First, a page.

- International students who take the College Board’s SAT, especially those in Asia, often have access to specific questions that make it into the assessments before they take it, thanks to security breaches the organization has been unable to prevent, according to a Reuters investigation.
- The wire service reports test prep companies in Asia scour the internet for chatter from students in the United States and elsewhere who take the exams first and even have people take the tests and then report back, later compiling study guides for Asian students to benefit from recycled test material.
- China is the SAT’s largest market, and while the College Board has canceled some tests and withheld scores because of security breaches, the Reuters investigation found an internal analysis noted that reducing the number of test dates in China would open the door for ACT to gain market share.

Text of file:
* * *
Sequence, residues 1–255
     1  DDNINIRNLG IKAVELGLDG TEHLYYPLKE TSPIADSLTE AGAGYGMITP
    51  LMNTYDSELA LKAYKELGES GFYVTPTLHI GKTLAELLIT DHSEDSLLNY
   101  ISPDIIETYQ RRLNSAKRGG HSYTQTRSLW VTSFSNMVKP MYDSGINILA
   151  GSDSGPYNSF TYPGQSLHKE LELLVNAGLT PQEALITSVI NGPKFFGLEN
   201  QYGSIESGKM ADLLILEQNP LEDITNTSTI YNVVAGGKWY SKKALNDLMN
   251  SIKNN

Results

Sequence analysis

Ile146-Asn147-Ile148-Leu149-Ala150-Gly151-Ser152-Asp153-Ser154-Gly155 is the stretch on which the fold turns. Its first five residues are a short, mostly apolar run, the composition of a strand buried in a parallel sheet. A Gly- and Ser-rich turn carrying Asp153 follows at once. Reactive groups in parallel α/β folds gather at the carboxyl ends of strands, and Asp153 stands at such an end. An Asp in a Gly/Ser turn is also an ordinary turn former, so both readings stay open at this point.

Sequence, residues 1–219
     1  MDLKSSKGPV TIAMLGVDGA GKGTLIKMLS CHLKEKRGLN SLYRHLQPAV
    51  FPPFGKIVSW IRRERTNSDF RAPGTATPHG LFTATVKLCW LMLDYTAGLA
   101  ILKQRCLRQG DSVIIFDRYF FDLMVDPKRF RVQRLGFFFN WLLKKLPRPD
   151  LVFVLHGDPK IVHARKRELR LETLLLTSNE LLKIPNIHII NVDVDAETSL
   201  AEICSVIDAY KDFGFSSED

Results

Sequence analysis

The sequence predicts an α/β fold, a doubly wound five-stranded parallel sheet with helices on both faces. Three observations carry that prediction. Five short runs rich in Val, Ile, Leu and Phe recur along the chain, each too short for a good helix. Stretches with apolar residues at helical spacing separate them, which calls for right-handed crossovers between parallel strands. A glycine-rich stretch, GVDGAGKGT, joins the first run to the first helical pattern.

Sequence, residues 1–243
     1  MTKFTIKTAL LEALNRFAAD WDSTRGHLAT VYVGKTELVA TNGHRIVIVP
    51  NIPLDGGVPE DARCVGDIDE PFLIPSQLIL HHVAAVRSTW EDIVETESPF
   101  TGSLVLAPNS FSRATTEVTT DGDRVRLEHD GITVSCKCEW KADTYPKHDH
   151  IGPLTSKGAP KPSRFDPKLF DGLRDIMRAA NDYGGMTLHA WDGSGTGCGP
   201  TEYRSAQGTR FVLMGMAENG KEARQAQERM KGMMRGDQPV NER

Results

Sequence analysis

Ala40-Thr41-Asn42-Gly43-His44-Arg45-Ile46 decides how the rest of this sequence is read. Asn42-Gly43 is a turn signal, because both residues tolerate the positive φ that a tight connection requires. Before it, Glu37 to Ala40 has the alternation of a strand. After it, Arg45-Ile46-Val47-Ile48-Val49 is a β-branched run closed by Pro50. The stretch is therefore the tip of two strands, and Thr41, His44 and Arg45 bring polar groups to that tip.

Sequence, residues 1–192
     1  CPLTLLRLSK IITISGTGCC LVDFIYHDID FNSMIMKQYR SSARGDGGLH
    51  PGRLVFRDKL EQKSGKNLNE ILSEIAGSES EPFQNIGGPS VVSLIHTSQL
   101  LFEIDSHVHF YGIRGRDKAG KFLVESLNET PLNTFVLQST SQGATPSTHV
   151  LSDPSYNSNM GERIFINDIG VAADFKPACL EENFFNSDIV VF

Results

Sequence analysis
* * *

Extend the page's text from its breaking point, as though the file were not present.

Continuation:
The SAT is offered so frequently it would be significantly more expensive to create brand-new content for every sitting. The recycled material seems to be a key security flaw, however, and while the new SAT, which debuted in the United States earlier this month, resets the test prep industry, it is expected to catch up very quickly.
The Reuters investigation will bolster arguments from opponents of the test, who argue it is already biased against women, older test-takers, low-income students, and minorities. Research has shown it is not particularly predictive of college student success. The National Center for Fair and Open Testing has tracked the shift toward test-optional admissions at colleges across the country, finding a small surge in recent years.